International fishing flavor in western New York
“I love it when a plan comes together!”
It seemed like George Peppard Jr. would say that every week when “The A-Team” aired on NBC during the 1980s. And it was always some roundabout way that led to achieving whatever goal or objective needed to be obtained.
May 10-13, the Confederation Internationale de la Pesche Sportive (CIPS) held its 39th annual Fishing Congress at the Doubletree Hotel in Niagara Falls. Previous gatherings like this that I personally attended had little to no fishing available during the meeting days. We changed that up. Added to the mix was pre-Congress and post-Congress offerings that would help to showcase the western New York spring fisheries for salmon, trout, bass and whatever else would end up on the end of a fishing line.
CIPS is the governing body that currently oversees 144 National Federations from 77 countries. When you add up the number of members they represent, the total is more than 50 million anglers from around the globe. In the world of fishing, this is a big deal – and it’s the first time this group has ever stepped on U.S. soil or traveled on U.S. water. Hosted by the U.S. Angling Confederation and Destination Niagara USA, delegates started to arrive on May 8.
May 9 had a variety of fishing excursions on Lake Erie, the Upper Niagara River and the Lower Niagara River. Smallmouth bass up to 6 pounds and trout up to 15 pounds were reeled in and released to the excitement of these anxious participants. Of course, some quality western New York fishing guides must take some of the credit, too.
May 10 was a Lake Ontario salmon trip out of Wilson. Two boats were filled with delegates and the result was nothing short of incredible. Imagine catching 15 to 20 fish – mostly king and Coho salmon – in four hours of fishing. That’s what they experienced. The excitement level was high when they returned to the hotel to share their stories and pictures.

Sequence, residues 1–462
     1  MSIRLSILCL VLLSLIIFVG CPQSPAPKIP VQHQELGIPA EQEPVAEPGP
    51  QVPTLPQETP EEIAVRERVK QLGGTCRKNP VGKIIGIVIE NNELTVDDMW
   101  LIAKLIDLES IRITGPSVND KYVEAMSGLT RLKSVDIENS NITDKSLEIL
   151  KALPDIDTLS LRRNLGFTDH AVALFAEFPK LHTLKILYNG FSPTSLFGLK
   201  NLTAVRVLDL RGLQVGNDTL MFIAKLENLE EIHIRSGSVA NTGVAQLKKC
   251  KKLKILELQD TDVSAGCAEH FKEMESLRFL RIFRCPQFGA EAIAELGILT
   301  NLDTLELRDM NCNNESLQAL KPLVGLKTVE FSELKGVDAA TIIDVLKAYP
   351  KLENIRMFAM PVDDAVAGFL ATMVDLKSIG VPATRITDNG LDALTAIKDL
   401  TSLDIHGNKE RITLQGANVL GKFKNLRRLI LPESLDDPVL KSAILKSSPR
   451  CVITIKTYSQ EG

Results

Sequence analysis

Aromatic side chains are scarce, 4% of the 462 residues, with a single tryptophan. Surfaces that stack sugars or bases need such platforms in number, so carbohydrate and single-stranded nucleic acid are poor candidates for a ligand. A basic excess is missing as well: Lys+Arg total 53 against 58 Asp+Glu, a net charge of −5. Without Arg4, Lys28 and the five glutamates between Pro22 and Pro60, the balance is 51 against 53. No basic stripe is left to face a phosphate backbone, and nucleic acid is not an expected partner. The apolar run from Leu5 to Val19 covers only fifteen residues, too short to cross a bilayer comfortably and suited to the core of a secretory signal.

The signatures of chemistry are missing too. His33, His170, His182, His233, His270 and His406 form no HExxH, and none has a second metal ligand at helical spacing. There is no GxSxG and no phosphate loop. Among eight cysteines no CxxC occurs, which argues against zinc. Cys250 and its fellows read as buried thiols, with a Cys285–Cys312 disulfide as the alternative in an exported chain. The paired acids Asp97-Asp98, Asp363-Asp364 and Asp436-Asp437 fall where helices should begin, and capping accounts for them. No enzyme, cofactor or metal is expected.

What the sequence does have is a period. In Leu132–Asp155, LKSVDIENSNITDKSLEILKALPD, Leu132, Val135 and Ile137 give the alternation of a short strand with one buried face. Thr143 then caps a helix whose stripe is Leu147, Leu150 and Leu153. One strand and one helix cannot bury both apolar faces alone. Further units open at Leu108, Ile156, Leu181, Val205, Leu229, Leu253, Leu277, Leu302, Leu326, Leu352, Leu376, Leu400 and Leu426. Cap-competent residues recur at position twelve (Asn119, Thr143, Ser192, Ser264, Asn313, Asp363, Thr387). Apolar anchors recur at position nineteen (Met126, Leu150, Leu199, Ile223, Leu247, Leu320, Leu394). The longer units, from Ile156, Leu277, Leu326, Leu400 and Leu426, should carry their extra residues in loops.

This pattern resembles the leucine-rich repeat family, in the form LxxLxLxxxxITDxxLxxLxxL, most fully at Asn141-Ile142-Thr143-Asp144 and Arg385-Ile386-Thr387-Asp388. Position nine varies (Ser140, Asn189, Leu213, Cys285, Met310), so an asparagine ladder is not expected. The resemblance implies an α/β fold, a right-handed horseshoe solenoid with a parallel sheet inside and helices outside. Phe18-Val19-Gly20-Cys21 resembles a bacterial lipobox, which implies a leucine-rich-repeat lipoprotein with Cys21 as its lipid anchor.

On Friday, May 11, we threw a curveball into the normal scheduling. “Fishing Friday” was a day that allowed for delegates to attend their meetings either in the morning or the afternoon. Many did not need to attend both. So we arranged for lunch at the 4 Points by Sheraton on the upper Niagara River in Niagara Falls USA. Delegates could arrive early or stay after lunch and hop on board a boat with area guides.
Things worked out splendidly. Smallmouth bass were the primary targets for the catch-and-release season and, once again, fish up to 6 pounds were reeled in – big fish for the upper river for sure. They must have known that there were plenty of cameras around.
Sunday morning was a lower Niagara River trout trip for some delegates who stayed on, and Monday offered some lower river bass action for South African delegate Andries Maree, who caught a personal-best smallmouth that tipped the scales at nearly 5 pounds. However, I am sure he lost several much bigger than that.
Just like that, the 39th CIPS Congress was history. On to Kazakhstan for the 40th annual event next year. They will have some big shoes to fill as we set the bar high for future Congress activities. A big shout out to Elizabeth Davis and the staff at Destination Niagara USA for a job well done in making this important gathering a huge success.
Yes, I love it when a plan comes together.